Melody’s Key by Dallas Coryell
I was sent a copy of Melody’s Key by the author, Dallas Coryell, in exchange for an honest review. I don’t read very many contemporary novels, as usually I’m more of a fantasy-lover. But I have been meaning to get into the contemporary scene lately in order to broaden my reading habits. Melody’s Key is a pure romance – there really isn’t a side-plot to the story other than the fact that the main protagonist’s family is dirt poor which creates obstacles.
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Title: Melody’s Key
Author: Dallas Coryell
Genre: Young Adult, Contemporary, Romance
Published: June 24th, 2016
“His eyes settled on her…piercing green embers of flame that revealed the ferocity of his pain and passion, yet still shrouded him under veils of ever deepening mystery that made every ounce of her ache to unravel him.”
Tegan Lockwood’s dreams were dead, sacrificed on the noble altar of duty before they ever had a chance to live. Her entire existence was disappearing into the abyss of apathy as she labored her days away keeping her family’s struggling business alive. There would be no emotion, no color, no beauty in her life. That is, until a mysterious visitor begins to draw her out of the darkness of her past towards something that will challenge the boundaries of her world, and unlock the most deeply held secrets of her heart.
About Dallas Coryell
Dallas Coryell is a musician and author residing deep in the untamed wilds of Michigan, USA, where he desperately attempts to assign meaning to his world through bouts of maniacal creative catharsis and pitifully doomed hopeless romantic fantasies.
All of the songs written by the characters in MELODY’S KEY are real and can be viewed on the author’s fledgling YouTube channel:
Selfies and other assorted randomness can be found on the author’s Instagram:
The plot was a basic contemporary romance. Tegan lives in a world with no future: she’s poor, can’t go to college, and isn’t able to do anything but work for her parents. Then Perfect Boy (in the form of a celebrity pop star) shows up and turns her world upside down. It wasn’t anything ground-breaking.
There was a side-plot with Tegan’s GBF (gay best friend), Simon, and his love interest. The side-plot reached its own climax when Simon’s love didn’t show up to the end-of-summer bonfire party. But nothing really happened after that. There was no real resolution for Simon, and I thought that the lack of conclusion or closure for him was pretty lame.
The characters were kind of interesting. Mason, the celebrity love interest was cliche like you wouldn’t believe. But there was a fun dynamic between Tegan and her sister because they often pranked each other. That was probably my favorite part of the book.
I thought there was kind of a weird dynamic between Tegan and her mom. I think talking about sexuality openly is awesome, but it was kind of weird and almost unbelievable when Tegan’s mom told her that she was going back to bed with her father and wanted to see if he would use his rough hands all over her. It was just kind of weird.
Also, it was really confusing to determine many of the characters’ ages, and even their appearances felt inconsistent at times. Using math and some of the textual clues, I think I determined that Mason, the main love interest to the protagonist, was around 26 or 27 years old. That’s pretty old for a Young Adult contemporary romance. In fact, I think it pushes it out of the Young Adult category altogether. Based on that and other textual clues, I think that Tegan must have been in her early twenties.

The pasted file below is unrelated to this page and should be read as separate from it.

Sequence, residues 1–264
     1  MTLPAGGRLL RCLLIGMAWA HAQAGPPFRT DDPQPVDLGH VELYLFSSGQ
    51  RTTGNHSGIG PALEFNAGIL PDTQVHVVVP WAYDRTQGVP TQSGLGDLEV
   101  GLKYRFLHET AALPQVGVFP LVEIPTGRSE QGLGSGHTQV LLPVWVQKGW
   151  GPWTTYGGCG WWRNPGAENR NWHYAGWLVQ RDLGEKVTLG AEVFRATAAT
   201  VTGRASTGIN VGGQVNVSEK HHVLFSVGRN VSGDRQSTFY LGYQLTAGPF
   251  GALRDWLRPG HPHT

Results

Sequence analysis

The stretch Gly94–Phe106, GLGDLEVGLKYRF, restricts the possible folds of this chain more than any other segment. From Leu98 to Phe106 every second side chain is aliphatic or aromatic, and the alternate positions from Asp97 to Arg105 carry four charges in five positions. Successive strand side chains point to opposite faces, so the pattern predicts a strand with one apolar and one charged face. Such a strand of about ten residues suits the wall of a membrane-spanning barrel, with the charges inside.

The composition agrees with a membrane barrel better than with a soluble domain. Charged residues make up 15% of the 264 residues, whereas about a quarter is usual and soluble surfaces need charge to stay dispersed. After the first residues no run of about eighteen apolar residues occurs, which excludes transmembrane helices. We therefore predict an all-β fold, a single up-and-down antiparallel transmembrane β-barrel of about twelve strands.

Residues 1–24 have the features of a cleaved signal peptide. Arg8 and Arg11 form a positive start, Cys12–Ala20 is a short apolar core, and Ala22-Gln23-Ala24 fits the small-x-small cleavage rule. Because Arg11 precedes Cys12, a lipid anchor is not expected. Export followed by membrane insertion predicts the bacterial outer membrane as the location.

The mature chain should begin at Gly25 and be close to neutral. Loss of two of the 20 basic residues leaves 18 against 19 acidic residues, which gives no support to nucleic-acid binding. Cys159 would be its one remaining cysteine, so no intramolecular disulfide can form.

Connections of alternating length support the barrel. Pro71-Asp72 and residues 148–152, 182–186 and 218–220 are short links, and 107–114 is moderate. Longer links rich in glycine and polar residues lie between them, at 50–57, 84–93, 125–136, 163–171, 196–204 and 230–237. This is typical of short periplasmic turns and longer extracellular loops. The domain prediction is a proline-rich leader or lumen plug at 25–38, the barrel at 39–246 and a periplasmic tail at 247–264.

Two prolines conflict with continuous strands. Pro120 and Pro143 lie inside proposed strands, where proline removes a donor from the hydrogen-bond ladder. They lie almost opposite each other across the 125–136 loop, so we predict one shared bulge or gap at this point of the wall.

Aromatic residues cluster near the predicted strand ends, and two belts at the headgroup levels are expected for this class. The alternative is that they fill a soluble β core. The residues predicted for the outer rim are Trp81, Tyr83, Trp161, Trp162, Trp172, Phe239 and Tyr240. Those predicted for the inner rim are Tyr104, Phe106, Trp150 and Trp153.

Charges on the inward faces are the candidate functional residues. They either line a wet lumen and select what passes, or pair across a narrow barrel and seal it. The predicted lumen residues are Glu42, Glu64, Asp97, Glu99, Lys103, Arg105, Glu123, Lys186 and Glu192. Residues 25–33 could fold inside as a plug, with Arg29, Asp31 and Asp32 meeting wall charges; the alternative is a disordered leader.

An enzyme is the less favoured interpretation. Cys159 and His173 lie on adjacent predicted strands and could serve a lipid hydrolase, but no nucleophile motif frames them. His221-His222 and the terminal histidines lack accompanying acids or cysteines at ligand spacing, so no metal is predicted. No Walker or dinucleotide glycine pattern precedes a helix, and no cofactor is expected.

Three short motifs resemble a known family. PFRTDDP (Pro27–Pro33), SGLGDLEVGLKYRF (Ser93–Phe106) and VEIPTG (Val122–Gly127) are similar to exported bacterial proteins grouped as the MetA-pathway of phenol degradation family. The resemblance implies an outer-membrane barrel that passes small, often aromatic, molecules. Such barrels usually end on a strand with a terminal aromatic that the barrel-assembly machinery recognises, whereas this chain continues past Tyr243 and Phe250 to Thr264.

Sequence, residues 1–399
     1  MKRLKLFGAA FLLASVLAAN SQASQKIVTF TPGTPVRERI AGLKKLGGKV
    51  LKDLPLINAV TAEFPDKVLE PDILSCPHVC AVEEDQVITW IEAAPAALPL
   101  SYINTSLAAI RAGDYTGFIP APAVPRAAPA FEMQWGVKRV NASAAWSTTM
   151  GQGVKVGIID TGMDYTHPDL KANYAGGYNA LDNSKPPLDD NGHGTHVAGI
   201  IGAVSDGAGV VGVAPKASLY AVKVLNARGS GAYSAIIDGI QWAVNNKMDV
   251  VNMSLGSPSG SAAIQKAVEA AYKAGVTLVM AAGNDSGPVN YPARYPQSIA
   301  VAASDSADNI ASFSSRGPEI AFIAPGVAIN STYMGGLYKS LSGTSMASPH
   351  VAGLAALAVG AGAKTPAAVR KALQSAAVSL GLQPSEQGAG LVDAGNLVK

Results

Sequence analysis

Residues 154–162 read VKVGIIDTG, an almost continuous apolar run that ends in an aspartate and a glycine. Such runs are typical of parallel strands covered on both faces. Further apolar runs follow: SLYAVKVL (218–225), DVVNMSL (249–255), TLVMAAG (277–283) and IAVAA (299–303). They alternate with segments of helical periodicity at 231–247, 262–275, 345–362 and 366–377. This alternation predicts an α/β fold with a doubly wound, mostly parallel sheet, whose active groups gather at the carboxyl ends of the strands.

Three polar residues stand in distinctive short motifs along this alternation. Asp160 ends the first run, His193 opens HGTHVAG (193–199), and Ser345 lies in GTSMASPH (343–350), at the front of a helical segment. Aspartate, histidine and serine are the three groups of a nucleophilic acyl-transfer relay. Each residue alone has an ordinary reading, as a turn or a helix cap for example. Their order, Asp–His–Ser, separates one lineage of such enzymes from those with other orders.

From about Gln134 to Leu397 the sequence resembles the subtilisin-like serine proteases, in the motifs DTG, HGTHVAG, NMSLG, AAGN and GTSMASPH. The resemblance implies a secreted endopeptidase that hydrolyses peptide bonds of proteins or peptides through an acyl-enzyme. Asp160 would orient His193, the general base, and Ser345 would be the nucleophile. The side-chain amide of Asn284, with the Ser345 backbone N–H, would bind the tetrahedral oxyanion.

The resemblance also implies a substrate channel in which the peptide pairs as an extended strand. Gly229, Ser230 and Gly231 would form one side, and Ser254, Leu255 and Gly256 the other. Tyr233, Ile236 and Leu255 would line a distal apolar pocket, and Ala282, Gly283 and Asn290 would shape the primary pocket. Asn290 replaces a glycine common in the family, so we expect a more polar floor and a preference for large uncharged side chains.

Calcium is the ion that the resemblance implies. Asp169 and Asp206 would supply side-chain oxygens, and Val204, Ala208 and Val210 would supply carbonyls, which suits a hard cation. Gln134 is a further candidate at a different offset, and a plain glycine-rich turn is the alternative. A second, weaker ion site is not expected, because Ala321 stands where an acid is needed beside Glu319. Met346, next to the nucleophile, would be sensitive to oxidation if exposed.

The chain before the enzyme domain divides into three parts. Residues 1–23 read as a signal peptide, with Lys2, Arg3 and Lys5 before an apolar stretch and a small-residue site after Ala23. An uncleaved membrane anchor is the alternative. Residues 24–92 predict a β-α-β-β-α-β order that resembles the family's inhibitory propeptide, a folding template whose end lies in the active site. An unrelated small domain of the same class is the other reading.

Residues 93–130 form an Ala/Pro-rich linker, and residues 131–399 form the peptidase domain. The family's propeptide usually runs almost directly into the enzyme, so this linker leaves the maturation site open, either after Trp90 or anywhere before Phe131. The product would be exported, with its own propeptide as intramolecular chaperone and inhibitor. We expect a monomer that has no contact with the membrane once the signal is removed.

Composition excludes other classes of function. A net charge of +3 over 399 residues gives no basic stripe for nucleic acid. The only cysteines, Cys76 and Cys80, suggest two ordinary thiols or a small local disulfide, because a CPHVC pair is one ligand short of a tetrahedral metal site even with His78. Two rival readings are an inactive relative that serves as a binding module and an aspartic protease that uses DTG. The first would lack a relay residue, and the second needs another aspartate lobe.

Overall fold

Most of my issue with this book comes from the writing. The first issue I will touch on is the fact that there were several typos and misspellings, a really casual narrative, and often incredibly specific cultural and time-period references that I don’t think will age well. Such as when Tegan talks to her dad about “man crush Monday”. It was distracting at best, and made me cringe at the worst of times. Many of the jokes were told in this manner, and often didn’t even translate well to me, arguably the target audience for this book.
This story also felt pretty inauthentically British. The setting was in England, but Coryell included so many British stereotypes that it felt like a poorly written sitcom. The author himself is not from England, and so I wonder if it was an issue of writing about a culture you’ve never lived in – a lack of authenticity.
It was a pretty short book, so it didn’t take too long to read, which is a bonus in my mind. Other than that, there just wasn’t much that I loved about this book. I’m not sure if it’s because the contemporary genre really just isn’t for me, or if it was the other issues I had with this book.
Also, I didn’t understand the title. Melody is Tegan’s middle name, and the key it refers to is a special one she wears around her neck which opens a special box full of love letters from her ancestors. But she loses the key at the beginning of the book, and then is reunited with it at the end. I didn’t understand the use of her middle name, as she doesn’t go by it and the name isn’t revealed until at least halfway into the book. Also, the key itself didn’t seem very symbolic of anything. I get that “melody” = song, and key = piano key like on the cover of my copy of the book, but it still felt like a stretch to me.
I give Melody’s Key 1.5/5 stars
Let’s talk about it
Have you read Melody’s Key? Do you enjoy contemporary romantic reads? What other recommendations do you have for someone who prefers fantasy novels to contemporary ones? Leave your thoughts below in the comments!